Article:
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Study: Skipping meals risks fat bellies, diabetes

“This does support the notion that small meals throughout the day can be helpful for weight loss, though that may not be practical for many people,” said Martha Belury, professor of human nutrition at The Ohio State University.

By
Stephen Feller
Skipping meals to eat one big meal a day in order to lose weight could actual cause you to gain belly fat, as well as develop diabetes over time, according to a new study. Photo: Jyliana/Shutterstock
Skipping meals to eat one big meal a day in order to lose weight could actual cause you to gain belly fat, as well as develop diabetes over time, according to a new study. Photo: Jyliana/Shutterstock

COLUMBUS, Ohio, May 20 (UPI) -- Eating smaller meals is a way to lose weight, but skipping meals altogether has been linked to increased abdominal fat because of the way it confuses the body's metabolic systems and can put people at risk of developing diabetes.

Mice put on a restricted diet and mice who were free to eat all day both lost weight in a new study, but the mice on the restricted diet consumed all their food at once and then effectively fasted all day. The mice on the restricted diet showed signs of extra fat around the middle of their bodies -- similar to human belly fat.

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The extra belly fat was credited by researchers to a confused metabolic process in the mice's bodies.

After eating, the pancreas produces insulin to help process glucose from food. At times when there is too much insulin in the blood, the liver produces glucose to balance the system.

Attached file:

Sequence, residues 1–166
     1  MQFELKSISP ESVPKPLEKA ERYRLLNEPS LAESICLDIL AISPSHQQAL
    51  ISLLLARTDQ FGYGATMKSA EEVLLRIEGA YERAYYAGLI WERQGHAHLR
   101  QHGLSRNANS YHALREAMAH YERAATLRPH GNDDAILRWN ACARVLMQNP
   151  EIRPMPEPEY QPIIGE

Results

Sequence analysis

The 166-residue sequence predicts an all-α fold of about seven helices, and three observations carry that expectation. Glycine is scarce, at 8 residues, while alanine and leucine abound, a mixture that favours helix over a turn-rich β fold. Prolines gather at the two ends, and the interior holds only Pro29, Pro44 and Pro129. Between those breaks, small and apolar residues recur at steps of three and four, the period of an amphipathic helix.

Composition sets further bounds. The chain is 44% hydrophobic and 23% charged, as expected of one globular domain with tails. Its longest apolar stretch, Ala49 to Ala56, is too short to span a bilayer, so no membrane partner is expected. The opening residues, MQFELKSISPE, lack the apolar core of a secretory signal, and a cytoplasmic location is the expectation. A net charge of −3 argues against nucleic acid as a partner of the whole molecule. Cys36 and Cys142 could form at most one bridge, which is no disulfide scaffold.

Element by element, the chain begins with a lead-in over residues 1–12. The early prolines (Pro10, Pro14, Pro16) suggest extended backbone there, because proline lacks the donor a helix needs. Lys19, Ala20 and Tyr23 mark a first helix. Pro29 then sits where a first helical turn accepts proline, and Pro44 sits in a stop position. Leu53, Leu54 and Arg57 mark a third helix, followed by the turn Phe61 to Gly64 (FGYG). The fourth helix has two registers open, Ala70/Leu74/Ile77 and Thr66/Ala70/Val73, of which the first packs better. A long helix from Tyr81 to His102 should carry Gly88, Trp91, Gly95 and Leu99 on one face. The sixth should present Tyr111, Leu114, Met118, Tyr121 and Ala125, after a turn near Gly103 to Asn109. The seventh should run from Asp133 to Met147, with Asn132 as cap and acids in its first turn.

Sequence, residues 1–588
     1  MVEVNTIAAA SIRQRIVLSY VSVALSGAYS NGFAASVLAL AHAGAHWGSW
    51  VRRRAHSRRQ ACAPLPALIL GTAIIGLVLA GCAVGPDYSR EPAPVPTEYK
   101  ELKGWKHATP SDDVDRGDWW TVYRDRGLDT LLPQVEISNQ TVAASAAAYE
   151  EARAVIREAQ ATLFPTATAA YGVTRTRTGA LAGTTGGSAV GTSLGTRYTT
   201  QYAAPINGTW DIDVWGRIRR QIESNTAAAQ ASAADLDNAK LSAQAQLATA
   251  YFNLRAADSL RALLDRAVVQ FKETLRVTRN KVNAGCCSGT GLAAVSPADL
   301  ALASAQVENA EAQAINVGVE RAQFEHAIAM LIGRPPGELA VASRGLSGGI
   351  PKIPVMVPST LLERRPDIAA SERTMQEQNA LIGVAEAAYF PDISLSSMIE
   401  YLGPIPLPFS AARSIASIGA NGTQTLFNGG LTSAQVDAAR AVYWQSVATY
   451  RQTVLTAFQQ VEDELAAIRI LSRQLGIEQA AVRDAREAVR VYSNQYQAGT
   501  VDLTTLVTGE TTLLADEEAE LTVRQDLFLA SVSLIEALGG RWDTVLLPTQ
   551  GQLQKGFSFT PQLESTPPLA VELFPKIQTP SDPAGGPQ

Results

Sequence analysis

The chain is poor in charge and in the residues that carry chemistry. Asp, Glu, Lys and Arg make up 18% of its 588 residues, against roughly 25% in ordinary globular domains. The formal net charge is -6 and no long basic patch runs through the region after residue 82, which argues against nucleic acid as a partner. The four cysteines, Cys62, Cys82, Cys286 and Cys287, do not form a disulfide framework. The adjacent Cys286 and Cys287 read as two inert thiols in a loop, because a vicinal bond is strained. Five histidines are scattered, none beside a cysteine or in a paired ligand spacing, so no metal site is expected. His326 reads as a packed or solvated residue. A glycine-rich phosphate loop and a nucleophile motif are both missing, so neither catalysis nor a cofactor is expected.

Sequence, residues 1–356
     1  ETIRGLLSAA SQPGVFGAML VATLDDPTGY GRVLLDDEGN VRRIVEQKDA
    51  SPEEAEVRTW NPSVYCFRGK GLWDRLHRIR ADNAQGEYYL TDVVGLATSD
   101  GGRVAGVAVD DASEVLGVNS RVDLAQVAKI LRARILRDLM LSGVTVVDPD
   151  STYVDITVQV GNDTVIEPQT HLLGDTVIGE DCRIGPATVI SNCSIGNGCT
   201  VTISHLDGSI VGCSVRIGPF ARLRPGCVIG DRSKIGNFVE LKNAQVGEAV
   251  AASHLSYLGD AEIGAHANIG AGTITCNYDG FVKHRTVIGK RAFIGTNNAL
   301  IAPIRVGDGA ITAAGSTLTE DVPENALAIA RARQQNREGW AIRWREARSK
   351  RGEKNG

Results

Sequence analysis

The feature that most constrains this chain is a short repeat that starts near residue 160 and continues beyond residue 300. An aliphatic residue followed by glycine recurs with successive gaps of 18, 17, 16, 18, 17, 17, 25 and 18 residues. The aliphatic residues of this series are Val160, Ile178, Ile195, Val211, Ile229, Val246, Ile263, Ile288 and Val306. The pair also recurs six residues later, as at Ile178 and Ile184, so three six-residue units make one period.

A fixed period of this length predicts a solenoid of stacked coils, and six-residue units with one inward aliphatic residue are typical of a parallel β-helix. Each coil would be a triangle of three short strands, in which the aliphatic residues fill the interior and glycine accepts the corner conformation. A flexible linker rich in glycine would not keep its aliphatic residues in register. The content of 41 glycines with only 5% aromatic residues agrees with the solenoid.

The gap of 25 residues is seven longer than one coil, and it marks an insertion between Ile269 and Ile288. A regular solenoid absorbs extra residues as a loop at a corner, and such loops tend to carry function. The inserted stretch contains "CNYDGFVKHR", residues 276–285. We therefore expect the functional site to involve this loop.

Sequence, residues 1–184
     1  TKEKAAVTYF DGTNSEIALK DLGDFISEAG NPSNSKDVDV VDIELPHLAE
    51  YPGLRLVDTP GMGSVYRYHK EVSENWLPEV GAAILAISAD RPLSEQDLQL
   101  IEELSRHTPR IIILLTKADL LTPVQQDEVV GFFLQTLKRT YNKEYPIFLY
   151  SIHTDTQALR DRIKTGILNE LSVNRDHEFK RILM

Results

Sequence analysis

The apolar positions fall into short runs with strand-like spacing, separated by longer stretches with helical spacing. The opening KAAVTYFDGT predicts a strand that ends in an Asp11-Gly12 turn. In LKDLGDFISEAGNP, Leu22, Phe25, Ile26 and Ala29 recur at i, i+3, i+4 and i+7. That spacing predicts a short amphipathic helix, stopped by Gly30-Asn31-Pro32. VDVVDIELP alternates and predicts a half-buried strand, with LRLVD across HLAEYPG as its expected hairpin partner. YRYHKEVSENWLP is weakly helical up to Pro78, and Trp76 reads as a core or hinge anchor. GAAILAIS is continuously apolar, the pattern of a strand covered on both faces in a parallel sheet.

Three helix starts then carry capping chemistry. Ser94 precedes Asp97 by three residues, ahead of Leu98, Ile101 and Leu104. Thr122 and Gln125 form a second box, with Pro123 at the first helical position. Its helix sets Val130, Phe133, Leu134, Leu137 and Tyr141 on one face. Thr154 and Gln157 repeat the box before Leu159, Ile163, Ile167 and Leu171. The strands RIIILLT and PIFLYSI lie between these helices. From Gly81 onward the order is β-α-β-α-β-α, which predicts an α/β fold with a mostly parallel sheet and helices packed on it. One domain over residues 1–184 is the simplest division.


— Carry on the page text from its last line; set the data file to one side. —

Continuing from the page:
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Because the mice were gorging themselves on food, their pancreases did not produce enough insulin to process glucose from their food. The result was extra glucose in the system that was eventually stored as fat.

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"Under conditions when the liver is not stimulated by insulin, increased glucose output from the liver means the liver isn't responding to signals telling it to shut down glucose production," said Martha Belury, professor of human nutrition at The Ohio State University, in a press release. "These mice don't have type 2 diabetes yet, but they're not responding to insulin anymore and that state of insulin resistance is referred to as prediabetes."

"This does support the notion that small meals throughout the day can be helpful for weight loss, though that may not be practical for many people," she said.

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The study is published in The Journal of Nutritional Biology.

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